Medication Overload
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Cannabis Could Be an Opioid Alternative

There were 56,516 opioid overdose deaths in America in 2020, according to the National Center for Health Statistics, many among people who became dependent upon the drug through prescription painkillers. Multiple studies have shown that cannabis could be a viable, non-habit-forming alternative to opioids for chronic-pain patients. Research also shows CBD may even prove to be an effective treatment for opioid addiction and other use disorders thanks to an ability to reduce cravings and withdrawal symptoms.

Son holding father's hand at the hospital
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Decline Seen in Opiate-Related Deaths

It's not just speculation that medical marijuana use can ease opioid addiction; thanks to states' legalization efforts, there is practical evidence to support the claim, too. Opiate-related deaths decreased by nearly one-third across 13 states in the six years following legalization of medical use.

Cannabis Research Is Hampered
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Cannabis Research Is Hampered

For decades, federally approved research into the potential medical benefits of cannabis were limited by a rule stating the cannabis researchers use must come from a University of Mississippi farm. The Drug Enforcement Administration relaxed its rules in 2016 so other facilities could apply to grow research-grade cannabis, lowering the cost of research and better reflecting the ecological range of recreational weed strains. The applications made little progress however, under Trump's notoriously anti-drug former Attorney General Jeff Sessions. Things might be looking up, however — in July, a bipartisan congressional group filed the Medical Marijuana Research Act.

State Tax Revenues Inch Up
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State Tax Revenues Inch Up

Obviously cannabis producers, processors, and sellers are raking in profits, but how much are states themselves making off this industry's tax revenue? In 2018, excise taxes on marijuana and related products in Colorado and Washington — the first states to legalize recreational use — generated $267 million and $319 million in revenue, respectively. Though not insignificant, those amounts accounted for only 2% of total revenue in Colorado, and 1.2% in Washington. That saw a jump in 2021, though, with MarketWatch reporting more than $3 billion in sales tax reported for the year.

Side view of senior couple hugging outside in spring nature at sunset.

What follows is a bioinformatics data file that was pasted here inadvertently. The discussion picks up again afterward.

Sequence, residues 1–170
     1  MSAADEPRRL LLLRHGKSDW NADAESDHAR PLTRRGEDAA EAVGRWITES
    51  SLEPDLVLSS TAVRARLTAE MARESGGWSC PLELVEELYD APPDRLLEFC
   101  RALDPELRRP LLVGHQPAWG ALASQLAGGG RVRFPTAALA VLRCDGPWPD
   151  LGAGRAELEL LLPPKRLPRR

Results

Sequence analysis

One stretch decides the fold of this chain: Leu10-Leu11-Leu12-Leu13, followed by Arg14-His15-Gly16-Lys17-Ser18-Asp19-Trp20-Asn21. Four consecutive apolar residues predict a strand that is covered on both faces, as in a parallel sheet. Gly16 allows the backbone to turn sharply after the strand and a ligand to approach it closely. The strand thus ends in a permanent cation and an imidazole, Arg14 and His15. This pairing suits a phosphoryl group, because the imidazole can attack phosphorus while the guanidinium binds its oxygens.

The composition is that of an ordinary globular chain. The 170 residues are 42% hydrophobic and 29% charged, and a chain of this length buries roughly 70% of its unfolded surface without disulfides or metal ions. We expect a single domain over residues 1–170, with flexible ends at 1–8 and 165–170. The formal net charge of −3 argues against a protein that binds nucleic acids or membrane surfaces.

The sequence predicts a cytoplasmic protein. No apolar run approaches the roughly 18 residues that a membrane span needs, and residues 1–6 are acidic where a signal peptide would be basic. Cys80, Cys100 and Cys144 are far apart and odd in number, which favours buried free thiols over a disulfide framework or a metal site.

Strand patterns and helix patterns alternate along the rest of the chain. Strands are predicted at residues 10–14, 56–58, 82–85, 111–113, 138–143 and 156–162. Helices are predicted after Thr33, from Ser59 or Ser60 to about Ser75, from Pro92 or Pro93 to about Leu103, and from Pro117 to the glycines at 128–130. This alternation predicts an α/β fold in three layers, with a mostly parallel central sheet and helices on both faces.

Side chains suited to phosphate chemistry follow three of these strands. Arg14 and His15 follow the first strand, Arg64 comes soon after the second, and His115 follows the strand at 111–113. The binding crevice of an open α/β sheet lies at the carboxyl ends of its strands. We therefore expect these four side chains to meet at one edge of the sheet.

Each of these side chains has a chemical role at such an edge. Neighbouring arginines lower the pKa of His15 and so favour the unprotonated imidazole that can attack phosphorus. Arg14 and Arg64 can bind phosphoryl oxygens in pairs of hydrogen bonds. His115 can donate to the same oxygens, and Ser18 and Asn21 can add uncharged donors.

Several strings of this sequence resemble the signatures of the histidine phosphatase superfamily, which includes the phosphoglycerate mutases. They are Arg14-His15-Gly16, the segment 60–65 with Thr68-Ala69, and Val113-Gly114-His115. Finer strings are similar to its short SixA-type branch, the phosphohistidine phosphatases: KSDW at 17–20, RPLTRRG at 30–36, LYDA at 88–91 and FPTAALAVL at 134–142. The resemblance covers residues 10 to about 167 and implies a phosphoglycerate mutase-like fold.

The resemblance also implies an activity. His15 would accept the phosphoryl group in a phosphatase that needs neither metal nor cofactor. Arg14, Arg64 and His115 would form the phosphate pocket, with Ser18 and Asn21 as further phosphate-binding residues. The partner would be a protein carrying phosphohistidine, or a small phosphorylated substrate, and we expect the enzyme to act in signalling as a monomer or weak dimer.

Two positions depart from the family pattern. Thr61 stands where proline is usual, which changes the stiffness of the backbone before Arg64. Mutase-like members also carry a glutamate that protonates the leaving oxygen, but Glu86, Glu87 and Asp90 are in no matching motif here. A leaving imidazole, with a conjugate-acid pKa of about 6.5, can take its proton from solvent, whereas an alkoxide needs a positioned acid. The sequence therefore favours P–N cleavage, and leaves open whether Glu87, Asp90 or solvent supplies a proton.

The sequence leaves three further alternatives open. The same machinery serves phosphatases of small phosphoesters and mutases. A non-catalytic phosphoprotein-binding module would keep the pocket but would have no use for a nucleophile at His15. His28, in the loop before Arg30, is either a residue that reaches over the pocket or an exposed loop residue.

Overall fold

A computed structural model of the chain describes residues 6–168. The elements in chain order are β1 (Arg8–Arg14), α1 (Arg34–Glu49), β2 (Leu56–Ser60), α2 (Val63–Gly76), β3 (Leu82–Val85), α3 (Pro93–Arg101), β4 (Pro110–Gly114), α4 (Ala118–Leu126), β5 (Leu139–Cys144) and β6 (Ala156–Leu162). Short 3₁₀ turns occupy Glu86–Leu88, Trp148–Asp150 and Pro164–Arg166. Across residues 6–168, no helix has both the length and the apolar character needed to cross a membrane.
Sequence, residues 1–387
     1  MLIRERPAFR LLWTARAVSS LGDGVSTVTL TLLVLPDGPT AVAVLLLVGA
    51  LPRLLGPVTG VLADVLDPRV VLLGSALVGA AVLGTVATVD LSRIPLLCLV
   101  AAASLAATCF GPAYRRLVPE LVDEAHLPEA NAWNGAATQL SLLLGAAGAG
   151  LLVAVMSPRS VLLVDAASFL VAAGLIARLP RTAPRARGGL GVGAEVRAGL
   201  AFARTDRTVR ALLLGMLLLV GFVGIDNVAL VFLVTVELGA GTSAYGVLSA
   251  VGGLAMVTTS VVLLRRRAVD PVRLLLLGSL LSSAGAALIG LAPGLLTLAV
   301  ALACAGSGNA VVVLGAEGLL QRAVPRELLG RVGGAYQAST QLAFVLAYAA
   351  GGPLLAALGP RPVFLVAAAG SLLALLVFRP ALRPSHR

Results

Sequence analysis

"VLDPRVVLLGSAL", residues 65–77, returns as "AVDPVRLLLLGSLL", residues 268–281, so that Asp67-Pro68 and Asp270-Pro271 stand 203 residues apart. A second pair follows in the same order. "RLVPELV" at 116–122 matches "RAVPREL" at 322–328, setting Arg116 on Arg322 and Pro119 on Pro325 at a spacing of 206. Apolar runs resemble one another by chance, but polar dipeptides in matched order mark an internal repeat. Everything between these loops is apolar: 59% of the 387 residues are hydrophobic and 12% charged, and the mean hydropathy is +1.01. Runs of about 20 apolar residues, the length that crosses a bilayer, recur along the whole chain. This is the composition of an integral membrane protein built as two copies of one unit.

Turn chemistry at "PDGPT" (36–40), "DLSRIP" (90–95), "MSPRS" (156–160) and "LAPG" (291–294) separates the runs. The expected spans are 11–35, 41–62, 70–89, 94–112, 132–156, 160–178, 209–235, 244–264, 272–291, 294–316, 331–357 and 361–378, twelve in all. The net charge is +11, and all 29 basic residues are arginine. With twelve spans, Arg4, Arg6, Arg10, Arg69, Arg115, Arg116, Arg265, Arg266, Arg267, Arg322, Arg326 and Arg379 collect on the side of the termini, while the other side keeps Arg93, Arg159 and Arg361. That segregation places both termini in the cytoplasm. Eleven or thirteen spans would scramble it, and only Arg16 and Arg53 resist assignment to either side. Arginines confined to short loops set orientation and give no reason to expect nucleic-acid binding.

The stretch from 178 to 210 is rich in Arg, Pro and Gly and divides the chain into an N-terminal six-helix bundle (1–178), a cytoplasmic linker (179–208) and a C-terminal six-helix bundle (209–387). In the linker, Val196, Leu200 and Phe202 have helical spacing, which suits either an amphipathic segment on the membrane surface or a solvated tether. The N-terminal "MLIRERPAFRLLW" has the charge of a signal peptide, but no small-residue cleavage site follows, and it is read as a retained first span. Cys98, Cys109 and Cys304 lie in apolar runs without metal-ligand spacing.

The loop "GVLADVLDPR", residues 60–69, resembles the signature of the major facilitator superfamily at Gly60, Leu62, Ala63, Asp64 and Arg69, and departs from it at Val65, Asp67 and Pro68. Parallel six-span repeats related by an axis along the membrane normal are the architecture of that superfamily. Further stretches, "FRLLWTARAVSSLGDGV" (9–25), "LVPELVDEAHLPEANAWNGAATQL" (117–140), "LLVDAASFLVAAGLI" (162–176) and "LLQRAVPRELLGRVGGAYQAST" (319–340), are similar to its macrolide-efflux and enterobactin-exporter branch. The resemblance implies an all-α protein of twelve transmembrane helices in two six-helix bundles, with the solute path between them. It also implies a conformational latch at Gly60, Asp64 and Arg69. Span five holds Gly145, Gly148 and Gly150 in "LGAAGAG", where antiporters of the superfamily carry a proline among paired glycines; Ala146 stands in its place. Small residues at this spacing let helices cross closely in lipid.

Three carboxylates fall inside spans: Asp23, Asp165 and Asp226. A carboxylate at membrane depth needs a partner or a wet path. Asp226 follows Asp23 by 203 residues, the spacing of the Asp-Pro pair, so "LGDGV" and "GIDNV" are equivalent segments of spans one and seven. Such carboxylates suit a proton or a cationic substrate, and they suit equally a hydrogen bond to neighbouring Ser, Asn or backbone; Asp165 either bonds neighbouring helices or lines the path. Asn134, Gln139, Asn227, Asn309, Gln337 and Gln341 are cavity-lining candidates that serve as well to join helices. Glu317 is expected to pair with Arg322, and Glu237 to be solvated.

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Recreational to Outpace Medical Sales

Cannabis may have its medical applications, but most people buying it are still just looking to get high. In states with significant sales of medical and recreational cannabis, Arcview Market Research and BDS Analytics found recreational topping medical consistently — such as Colorado's expected take in 2020 of $1.4 billion for recreational and just $0.3 billion for medical. Medical sales this year are expected to total up to $7.3 billion, but recreational up to $14.8 billion.

Black Market Still Tops Legal Sales
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Black Market Still Tops Legal Sales

The legal cannabis business may be booming, but it's still puny compared with a black market for marijuana that's existed for decades. “In California, Illinois, Massachusetts and other states with legal recreational dispensaries, black market marijuana sales not only continue, but often outpace legal sales. Huge busts of illegal operations regularly make the news,” Modern Farmer reports. The problem will last as long as the federal ban exists and illegal operations can send their product into states where pot isn't sold openly, experts say. Expensive and arduous regulatory hurdles are other reasons some growers may stay in the black market.

Tax Rates Are Key to Legal Sales
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Tax Rates Are Key to Legal Sales

One of the major benefits of legalization for state governments is the tax revenue cannabis sales can bring in. Too high a tax rate, however, pushes consumers to buy more-affordable options through the black market, which is why Colorado, Oregon, and Washington have all taken steps to reduce marijuana tax rates and make legal channels more competitive with illegal ones. 

Industry Employment Is on the Rise
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Industry Employment Is on the Rise